Bird Alliance of Oregon Joins Lawsuit to Protect Streaked Horned Lark as Endangered

by Joe Liebezeit, Interim Statewide Conservation Director

This January, Bird Alliance of Oregon joined the Center for Biological Diversity and sued the U.S. Fish and Wildlife Service (USFWS) to protect Streaked Horned Larks, once abundant in Washington and Oregon, as endangered.

In April 2022, USFWS listed Streaked Horned Larks as threatened instead of endangered, granting the birds fewer protections and leaving them on a path to extinction. This new lawsuit challenges this decision and a rule attached to the threatened listing that exempted all agricultural activities from liability under the Endangered Species Act. This rule was enacted despite the fact that crop conversion is one of the leading threats to the already rare birds in Oregon’s Willamette Valley.

Two Streaked Horned Larks standing on the ground.
Streaked Horned Lark, photo by Scott Carpenter

Streaked Horned Larks are small, ground-dwelling songbirds with conspicuous feather tufts, or “horns,” on their heads. Generally pale brown, with a yellow wash on the male’s face, adults have a black bib, black whisker marks, and black tail feathers with white margins in addition to its “horns.”

Formerly a common nesting species in prairies west of the Cascade Mountains from southern British Columbia through Washington and Oregon, the larks lost most of their habitat to floodplain control, urban development, and conversion of extensive prairies in the Willamette Valley and Puget Lowlands to agricultural fields. The population has now dwindled to an estimated 1,170 to 1,610 birds, possibly far fewer.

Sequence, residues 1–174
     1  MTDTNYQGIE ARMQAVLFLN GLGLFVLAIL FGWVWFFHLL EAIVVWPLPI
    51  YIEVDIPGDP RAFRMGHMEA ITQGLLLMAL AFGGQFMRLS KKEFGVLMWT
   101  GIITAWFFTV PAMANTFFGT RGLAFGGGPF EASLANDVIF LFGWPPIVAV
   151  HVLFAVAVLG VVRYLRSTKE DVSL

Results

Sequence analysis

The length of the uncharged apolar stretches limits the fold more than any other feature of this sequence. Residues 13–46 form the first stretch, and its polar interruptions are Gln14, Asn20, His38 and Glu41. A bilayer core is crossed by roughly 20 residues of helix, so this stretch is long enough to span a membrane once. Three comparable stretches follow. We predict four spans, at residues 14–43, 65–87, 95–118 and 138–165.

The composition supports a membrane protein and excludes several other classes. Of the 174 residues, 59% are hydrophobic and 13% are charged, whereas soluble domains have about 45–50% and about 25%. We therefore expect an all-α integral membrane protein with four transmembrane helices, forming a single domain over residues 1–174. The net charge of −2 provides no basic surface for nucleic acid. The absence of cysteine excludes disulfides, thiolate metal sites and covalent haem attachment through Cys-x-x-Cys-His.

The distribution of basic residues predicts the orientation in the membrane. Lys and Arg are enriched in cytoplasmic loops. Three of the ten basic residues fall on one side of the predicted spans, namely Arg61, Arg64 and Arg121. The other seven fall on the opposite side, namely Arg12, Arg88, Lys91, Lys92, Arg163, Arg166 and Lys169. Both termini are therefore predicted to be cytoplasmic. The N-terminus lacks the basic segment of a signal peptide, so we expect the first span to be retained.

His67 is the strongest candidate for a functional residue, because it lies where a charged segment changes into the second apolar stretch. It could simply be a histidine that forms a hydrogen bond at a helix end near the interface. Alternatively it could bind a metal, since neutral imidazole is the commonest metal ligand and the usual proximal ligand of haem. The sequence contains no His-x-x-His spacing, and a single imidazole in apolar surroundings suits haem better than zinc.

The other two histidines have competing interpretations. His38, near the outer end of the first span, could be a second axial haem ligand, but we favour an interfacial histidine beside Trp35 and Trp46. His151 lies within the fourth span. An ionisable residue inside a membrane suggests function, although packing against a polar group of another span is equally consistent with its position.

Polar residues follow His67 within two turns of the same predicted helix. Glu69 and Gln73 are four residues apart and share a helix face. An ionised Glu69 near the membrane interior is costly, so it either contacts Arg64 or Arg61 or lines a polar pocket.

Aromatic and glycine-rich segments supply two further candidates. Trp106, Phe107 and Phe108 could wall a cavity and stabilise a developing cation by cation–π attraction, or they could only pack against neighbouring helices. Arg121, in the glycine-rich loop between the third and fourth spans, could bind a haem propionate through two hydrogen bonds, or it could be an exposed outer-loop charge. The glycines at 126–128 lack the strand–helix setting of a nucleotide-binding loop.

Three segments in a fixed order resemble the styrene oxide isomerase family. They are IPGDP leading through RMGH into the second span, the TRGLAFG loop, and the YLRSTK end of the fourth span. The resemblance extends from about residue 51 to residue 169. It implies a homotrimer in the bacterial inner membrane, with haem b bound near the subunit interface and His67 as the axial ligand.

Streaked Horned Larks are emblematic of the overall decrease in a number of grassland bird species in western Oregon. A 2010 Oregon Department of Fish and Wildlife study documented declines in Western Meadowlark and Oregon Vesper Sparrow in the Willamette Valley. Streaked Horned Larks are unique in that they need open ground created by a flood and fire regime that has largely disappeared. In the absence of natural short-grass prairie habitats, the birds are now primarily found in human-modified areas, including grass-seed fields, airports, and the bombing ranges on Joint Base Lewis-McChord.

USFWS first listed the larks as threatened with a special rule in 2013. The agency argued that exempting agricultural activities from the Endangered Species Act, regardless of the harm to larks, was necessary to ensure cooperation from farmers and to avoid incentivizing conversion from grass seed to other crops that don’t provide suitable habitat for the larks.

Streaked Horned Lark, photo by David-Maloney-USFWS

After farmers continued to convert grass-seed fields to other crops, the Center for Biological Diversity successfully challenged the threatened listing in 2019. However, USFWS doubled down in 2022 and expanded the exemption to include Washington, even though grass seed is not commonly grown in the state. In its finding, USFWS acknowledged that the conversion of grass seed to crops that don’t support larks continues.

We need to give this bird a fighting chance to recover from extinction’s doorstep. Stay tuned for updates on the status of this lawsuit.